Despite a string of prematurely canceled trials, the UK‘s Transport Committee says that escooters should be legalized in the country.
There’s an important caveat, which I think no one will disagree with: they should be prohibited for use on pavements, BBC reports.
Escooter trials have been operating around England over the past few months, and general sentiments are that they aren’t going all that well. As seems to always be the case when escooter trials begin, people misuse them, they get parked in places they shouldn’t be, and they become the focus of conversation because of rule-breaking riders.
All that said, the Transport Committee believes the country is ready for them, whether privately owned or on ride-share schemes.
The committee is aware it won’t be easy, and the country still needs to develop appropriate legislation. Current trials are supposedly serving to inform lawmakers of how the devices are used and what kinds of crashes occur, to ensure “robust enforcement measures” are developed.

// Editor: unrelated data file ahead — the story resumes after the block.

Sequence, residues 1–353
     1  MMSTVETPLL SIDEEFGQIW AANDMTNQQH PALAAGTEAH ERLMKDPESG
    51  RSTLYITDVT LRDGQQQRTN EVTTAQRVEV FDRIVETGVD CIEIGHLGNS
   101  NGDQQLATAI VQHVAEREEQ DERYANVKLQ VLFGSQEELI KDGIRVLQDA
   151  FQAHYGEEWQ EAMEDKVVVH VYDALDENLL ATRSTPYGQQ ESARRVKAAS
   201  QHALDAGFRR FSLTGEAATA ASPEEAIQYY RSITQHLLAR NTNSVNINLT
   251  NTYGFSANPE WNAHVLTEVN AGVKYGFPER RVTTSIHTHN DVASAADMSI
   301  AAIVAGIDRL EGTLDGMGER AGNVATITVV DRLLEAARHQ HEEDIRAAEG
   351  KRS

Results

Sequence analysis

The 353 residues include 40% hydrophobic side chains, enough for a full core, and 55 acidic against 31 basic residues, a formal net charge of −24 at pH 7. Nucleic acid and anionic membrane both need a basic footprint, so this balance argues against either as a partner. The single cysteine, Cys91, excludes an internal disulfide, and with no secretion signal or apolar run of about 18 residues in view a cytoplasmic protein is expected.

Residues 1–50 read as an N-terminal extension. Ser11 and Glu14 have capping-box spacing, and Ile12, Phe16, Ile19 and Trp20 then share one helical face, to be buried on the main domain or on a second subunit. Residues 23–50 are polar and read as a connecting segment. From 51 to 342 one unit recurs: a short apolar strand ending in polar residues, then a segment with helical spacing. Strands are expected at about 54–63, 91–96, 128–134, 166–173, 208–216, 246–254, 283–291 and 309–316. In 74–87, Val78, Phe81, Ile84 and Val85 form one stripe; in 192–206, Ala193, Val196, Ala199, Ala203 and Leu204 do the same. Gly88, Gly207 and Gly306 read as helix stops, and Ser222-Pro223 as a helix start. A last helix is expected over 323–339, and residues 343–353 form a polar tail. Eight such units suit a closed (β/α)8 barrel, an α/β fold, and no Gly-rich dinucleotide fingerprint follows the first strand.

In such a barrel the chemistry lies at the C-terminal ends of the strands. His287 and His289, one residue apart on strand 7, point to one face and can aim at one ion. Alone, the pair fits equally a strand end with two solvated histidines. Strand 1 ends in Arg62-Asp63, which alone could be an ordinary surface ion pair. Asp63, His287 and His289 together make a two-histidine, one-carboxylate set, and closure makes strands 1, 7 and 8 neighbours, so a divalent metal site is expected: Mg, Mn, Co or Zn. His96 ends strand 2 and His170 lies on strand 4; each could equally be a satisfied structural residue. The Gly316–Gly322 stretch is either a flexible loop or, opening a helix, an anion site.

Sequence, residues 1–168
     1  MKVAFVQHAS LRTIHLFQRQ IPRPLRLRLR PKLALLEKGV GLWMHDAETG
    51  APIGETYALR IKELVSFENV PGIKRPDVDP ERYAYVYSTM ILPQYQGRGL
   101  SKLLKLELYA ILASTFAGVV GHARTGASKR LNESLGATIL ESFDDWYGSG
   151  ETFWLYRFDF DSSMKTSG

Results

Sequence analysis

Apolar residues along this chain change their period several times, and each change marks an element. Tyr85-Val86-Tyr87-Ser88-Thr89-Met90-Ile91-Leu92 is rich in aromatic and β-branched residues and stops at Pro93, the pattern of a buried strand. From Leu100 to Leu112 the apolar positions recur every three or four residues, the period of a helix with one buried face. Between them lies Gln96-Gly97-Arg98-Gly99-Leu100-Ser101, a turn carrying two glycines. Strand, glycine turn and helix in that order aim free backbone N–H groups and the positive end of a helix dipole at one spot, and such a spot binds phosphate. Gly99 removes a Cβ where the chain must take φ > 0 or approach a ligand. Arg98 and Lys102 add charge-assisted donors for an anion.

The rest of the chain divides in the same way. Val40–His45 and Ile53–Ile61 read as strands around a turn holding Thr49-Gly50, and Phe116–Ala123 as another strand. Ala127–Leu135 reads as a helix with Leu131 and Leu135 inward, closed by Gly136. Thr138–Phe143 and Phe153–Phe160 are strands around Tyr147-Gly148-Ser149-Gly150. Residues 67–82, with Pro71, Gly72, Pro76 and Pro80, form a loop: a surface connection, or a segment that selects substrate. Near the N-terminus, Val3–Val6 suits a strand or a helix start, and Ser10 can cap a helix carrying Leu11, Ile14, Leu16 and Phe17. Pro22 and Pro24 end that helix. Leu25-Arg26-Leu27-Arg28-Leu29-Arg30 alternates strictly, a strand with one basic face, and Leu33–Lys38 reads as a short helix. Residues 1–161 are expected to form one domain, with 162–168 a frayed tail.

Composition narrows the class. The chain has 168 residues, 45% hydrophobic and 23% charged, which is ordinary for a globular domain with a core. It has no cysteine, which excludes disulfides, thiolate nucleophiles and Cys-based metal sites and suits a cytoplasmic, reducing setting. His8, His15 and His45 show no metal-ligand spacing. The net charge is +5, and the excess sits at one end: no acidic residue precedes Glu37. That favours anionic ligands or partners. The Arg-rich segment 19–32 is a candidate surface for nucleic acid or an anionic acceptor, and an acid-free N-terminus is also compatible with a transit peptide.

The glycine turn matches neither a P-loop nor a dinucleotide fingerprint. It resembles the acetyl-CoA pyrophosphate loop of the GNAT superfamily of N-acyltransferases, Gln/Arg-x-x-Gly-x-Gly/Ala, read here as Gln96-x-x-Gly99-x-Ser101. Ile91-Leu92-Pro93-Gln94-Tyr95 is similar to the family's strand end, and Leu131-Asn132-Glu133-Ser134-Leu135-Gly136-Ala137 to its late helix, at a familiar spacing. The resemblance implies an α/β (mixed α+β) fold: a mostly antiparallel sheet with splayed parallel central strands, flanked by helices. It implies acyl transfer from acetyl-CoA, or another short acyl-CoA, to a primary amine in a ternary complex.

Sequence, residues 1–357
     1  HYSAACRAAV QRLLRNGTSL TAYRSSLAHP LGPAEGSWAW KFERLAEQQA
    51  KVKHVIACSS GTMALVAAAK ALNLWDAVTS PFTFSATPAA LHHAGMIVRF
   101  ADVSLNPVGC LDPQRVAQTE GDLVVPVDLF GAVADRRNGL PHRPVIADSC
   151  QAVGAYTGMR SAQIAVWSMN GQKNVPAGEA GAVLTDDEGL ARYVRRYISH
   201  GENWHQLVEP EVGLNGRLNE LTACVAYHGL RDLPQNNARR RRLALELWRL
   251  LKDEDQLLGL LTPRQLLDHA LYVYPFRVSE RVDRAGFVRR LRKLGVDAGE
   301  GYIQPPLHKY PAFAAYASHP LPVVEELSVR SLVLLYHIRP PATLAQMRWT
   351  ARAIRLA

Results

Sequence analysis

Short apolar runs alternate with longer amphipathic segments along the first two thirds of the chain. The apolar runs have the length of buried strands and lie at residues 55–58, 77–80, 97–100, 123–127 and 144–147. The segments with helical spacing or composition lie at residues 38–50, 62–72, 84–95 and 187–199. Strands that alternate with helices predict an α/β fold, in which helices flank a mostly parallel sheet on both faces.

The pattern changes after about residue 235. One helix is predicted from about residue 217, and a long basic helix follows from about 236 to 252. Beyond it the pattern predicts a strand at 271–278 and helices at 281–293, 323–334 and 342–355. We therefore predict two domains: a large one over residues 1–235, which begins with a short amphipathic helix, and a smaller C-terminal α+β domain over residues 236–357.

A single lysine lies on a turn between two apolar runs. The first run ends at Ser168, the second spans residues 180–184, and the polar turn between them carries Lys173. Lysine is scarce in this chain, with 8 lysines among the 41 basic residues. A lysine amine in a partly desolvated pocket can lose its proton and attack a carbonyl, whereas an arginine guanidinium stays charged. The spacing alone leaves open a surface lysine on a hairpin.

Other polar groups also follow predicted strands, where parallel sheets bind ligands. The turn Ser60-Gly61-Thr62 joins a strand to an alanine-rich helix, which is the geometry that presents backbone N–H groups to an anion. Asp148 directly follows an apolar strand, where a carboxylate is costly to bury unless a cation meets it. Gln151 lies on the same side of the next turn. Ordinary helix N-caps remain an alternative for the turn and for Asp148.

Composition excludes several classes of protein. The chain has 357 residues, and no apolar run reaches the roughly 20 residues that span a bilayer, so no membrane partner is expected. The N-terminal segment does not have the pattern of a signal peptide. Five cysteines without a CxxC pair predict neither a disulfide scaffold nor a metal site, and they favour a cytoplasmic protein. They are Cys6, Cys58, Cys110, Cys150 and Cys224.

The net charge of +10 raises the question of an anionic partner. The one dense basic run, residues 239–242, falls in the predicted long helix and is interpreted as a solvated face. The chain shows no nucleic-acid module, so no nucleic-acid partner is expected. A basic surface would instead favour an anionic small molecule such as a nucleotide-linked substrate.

It’s also worth noting that these measures need to actually be enforced and the government shouldn’t overlook policing users of new mobility services to ensure their safe introduction. As we’ve seen with the various UK trials, the choices people make when using escooters create danger and risk for other road users. It takes a person with an escooter to break the rules, an escooter on its own is largely harmless — assuming it’s parked safely.
“E-scooters have the potential to become an exciting and ingenious way to navigate our streets and get from place to place,” committee chair Huw Merriman said. “If this gets people out of the car, reducing congestion and exercising in the open air, then even better.”
That said, “We need to ensure that their arrival on our streets doesn’t make life more difficult for pedestrians, and especially disabled people,” he added.
While the outcomes of escooter trials don’t paint a perfect picture, they’re doing their job and showing that the UK can benefit from the mobility option, but that people can’t really be trusted to use them responsibly. One part of mitigating that is strict legislation governing their use; then we just have to hope the rules are enforced or that people follow them at the very least.
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Published October 2, 2020 — 08:36 UTC